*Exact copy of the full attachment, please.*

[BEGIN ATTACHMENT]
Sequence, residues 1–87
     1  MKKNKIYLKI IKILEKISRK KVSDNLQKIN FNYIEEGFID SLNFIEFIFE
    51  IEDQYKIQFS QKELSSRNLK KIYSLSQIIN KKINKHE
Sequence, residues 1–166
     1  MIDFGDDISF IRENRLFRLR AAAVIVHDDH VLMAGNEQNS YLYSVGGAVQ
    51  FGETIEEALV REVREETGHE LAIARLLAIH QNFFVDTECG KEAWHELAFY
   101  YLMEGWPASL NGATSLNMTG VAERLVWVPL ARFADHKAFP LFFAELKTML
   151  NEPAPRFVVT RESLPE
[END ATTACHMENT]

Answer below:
Sequence, residues 1–87
     1  MKKNKIYLKI IKILEKISRK KVSDNLQKIN FNYIEEGFID SLNFIEFIFE
    51  IEDQYKIQFS QKELSSRNLK KIYSLSQIIN KKINKHE
Sequence, residues 1–166
     1  MIDFGDDISF IRENRLFRLR AAAVIVHDDH VLMAGNEQNS YLYSVGGAVQ
    51  FGETIEEALV REVREETGHE LAIARLLAIH QNFFVDTECG KEAWHELAFY
   101  YLMEGWPASL NGATSLNMTG VAERLVWVPL ARFADHKAFP LFFAELKTML
   151  NEPAPRFVVT RESLPE